As you will recall, a finding of guilt of one of the offences could have disqualified Ron from holding a licence for a 2 year period.
After some discussion on a previous case, Burrarrwanga v Rigby, the Court issued an Order requiring the immediate return of Ron’s guns & licence, trumping the automatic disqualification.
If anything, this was the judiciary’s way of saying that the penalty was excessive. Here’s what the Court Order said:
Not to waste any time, Ron marched off to the police station with the Order to get his guns – and has now been reunited with them. He also got his licence back and we understand a new one will be issued shortly.
It is a fantastic outcome for shooters Australia wide because it shows what can be done by a competent organisation such as the NSC. It’s why more and more shooters are backing the NSC.
The last remaining thing for us to do is to see if we can effect change in the NT by having the NT Firearms Act amended to provide greater flexibility for when a disqualification period may apply.
There needs to be the option for at least an administrative review, so we’re raising this with NT MP and NSC member, Kezia Purick.
There was a lot of anger in the shooting community over this case and understandably many were pessimistic on Ron’s chances for a good outcome. However we believed in the principle of defending the matter which is why we fought it so hard for Ron.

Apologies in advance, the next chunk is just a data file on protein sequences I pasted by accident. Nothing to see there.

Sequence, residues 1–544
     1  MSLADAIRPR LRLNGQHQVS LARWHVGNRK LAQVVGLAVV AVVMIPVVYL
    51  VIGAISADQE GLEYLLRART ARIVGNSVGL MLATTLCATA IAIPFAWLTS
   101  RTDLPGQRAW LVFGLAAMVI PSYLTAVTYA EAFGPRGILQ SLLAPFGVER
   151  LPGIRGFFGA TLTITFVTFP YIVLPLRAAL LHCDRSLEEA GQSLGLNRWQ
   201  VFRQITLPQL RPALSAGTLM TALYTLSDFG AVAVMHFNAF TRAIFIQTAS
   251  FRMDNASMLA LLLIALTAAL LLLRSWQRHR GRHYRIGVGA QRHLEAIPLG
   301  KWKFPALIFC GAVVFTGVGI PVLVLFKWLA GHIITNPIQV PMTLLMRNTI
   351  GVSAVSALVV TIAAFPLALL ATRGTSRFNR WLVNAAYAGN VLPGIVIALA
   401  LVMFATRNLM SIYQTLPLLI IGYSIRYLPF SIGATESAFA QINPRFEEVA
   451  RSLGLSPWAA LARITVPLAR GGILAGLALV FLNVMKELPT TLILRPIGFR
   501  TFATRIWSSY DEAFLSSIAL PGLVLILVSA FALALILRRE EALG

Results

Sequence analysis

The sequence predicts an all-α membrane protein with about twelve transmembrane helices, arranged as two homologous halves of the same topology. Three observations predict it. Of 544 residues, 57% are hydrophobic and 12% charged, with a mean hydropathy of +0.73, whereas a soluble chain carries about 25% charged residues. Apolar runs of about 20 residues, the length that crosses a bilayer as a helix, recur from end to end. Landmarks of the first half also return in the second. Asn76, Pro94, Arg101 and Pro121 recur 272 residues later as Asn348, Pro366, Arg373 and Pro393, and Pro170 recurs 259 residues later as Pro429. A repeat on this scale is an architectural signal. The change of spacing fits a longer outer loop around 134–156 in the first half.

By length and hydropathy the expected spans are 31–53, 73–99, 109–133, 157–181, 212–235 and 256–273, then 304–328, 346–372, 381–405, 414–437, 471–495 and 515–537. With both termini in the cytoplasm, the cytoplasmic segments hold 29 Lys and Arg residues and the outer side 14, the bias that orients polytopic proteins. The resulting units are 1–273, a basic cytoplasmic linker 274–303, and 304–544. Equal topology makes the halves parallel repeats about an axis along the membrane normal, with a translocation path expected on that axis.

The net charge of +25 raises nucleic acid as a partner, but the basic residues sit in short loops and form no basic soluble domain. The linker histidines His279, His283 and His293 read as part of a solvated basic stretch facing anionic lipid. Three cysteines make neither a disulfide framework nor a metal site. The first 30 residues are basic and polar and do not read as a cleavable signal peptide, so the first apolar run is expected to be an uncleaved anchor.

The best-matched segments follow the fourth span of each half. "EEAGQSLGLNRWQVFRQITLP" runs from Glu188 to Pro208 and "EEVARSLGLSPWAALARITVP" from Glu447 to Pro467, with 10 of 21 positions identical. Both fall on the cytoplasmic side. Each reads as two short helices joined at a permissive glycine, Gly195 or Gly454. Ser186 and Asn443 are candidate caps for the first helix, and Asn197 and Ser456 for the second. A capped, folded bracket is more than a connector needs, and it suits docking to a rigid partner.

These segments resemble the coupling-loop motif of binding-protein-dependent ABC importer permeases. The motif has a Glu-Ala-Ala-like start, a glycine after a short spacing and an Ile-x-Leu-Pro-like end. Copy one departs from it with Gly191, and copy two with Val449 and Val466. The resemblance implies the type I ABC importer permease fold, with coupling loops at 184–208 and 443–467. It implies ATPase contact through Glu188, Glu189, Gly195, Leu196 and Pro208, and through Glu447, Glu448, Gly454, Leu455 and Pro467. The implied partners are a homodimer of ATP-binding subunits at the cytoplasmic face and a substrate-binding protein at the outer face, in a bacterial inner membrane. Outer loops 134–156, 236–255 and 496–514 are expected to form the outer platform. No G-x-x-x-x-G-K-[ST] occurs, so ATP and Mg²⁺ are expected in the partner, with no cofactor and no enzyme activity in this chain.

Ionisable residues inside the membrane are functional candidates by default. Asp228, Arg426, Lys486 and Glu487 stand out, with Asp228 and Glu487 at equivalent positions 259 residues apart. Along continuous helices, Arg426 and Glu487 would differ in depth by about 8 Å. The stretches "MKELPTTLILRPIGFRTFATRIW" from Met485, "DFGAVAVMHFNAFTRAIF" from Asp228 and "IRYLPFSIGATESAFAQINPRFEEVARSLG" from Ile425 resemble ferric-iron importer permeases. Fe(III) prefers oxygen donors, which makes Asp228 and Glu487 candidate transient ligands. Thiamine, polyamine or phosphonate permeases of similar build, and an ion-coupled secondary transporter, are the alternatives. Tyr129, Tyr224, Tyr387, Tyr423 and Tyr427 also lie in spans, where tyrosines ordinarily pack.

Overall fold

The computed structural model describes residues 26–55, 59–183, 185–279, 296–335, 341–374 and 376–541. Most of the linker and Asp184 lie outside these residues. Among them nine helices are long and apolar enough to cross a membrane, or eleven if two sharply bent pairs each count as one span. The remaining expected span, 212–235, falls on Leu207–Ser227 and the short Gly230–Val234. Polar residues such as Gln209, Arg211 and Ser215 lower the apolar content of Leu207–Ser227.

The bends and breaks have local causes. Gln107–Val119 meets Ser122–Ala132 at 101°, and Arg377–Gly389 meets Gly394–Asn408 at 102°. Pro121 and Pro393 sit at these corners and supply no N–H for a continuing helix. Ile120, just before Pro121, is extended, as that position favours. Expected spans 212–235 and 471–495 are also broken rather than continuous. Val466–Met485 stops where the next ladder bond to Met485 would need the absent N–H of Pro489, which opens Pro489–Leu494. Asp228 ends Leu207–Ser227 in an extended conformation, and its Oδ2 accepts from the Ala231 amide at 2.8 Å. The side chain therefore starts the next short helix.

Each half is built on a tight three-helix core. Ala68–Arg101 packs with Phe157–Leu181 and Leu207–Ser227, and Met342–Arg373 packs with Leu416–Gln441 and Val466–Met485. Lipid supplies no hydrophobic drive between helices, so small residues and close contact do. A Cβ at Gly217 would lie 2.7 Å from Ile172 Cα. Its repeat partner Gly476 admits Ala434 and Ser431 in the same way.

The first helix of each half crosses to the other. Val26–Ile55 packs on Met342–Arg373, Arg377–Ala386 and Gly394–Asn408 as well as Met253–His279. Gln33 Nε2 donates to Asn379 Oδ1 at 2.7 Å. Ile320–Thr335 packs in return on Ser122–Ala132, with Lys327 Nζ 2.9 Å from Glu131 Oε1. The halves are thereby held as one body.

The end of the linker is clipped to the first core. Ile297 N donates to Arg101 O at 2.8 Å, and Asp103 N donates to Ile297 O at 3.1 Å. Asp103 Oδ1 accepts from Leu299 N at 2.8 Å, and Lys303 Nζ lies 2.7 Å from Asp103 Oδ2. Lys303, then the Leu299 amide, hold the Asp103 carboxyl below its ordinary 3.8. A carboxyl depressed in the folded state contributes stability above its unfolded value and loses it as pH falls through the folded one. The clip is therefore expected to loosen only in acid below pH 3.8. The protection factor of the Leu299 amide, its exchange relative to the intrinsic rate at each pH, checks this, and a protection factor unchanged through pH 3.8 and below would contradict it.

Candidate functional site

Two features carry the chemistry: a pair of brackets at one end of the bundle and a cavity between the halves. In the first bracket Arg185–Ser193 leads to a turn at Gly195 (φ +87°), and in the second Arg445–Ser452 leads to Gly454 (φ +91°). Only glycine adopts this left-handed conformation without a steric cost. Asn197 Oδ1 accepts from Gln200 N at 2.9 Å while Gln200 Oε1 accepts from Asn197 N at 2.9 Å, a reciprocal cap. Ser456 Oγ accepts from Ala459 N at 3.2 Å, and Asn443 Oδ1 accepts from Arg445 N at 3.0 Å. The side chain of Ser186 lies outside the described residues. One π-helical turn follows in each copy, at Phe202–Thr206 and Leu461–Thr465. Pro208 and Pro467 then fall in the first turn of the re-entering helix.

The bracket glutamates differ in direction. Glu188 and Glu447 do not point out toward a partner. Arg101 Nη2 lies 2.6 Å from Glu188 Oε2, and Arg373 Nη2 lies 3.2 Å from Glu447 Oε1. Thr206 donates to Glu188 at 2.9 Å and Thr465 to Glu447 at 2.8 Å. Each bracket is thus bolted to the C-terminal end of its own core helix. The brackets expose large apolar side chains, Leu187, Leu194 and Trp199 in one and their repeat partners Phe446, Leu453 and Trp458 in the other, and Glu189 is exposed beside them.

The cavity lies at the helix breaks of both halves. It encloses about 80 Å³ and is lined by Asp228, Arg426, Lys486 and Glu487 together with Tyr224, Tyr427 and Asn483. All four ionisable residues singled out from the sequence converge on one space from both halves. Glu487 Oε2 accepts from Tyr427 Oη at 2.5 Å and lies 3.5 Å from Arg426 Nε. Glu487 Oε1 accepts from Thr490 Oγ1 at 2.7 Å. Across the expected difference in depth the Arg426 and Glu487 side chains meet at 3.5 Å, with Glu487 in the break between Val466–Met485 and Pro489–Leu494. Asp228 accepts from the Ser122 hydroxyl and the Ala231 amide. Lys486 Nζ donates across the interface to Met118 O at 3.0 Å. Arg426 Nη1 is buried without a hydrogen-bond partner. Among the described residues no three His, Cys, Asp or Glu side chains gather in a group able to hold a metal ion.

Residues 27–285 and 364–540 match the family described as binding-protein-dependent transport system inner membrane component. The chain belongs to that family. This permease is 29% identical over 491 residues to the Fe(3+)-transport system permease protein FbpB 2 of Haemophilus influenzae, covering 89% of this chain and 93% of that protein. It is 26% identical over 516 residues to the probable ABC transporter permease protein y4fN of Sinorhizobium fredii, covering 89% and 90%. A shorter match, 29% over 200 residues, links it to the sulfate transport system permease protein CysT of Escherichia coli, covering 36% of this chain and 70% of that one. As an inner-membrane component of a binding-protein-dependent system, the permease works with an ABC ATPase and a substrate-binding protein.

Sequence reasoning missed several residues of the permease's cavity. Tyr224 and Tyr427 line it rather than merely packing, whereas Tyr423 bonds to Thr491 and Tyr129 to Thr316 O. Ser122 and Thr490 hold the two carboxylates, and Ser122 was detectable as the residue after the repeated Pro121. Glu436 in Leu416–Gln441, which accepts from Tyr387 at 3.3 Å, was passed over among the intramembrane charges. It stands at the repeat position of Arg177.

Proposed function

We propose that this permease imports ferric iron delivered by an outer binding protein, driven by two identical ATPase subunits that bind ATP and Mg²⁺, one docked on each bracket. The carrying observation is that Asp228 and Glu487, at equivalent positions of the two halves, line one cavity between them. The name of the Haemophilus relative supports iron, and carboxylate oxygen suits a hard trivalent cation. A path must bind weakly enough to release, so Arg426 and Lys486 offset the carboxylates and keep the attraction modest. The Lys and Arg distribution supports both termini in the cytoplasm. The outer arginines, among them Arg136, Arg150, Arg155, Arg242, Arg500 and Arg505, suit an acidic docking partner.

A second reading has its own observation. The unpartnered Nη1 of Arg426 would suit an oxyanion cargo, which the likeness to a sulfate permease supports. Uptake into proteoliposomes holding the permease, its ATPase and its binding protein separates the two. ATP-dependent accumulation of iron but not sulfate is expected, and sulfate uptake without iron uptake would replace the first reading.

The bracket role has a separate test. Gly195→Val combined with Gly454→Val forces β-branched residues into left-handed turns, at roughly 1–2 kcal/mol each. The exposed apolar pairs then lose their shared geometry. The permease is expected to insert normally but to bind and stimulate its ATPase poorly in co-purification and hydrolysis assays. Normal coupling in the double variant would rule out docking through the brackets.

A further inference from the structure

A word from Ron…
“I wish to give a big THANK YOU to everyone that had supported me this past year.
I am deeply humbled that people would not only take the time out of their lives to help me but to also commit their hard earned dollars.
I am profoundly grateful to the National Shooting Council and its members; especially Neil, Peter and my lawyer Jon.
Thank you to the Shooting Stuff Australia podcast and Finally A big THANKS to my friends and family.
THANK YOU THANK YOU THANK YOU!”
Ron, still in his court clothes, back with his Eddystone straight after the verdict
We couldn’t have hoped for a better outcome. It’s a great and fair outcome for shooters.
However, do not take this as an endorsement of vigilantism. Ron was forced into the position he was in to help save a life and potentially faced jail time but fortunately the courts saw why he did what he did.
If you end up breaking the law with a firearm and without a reasonable excuse, then you can expect to wind up in serious trouble.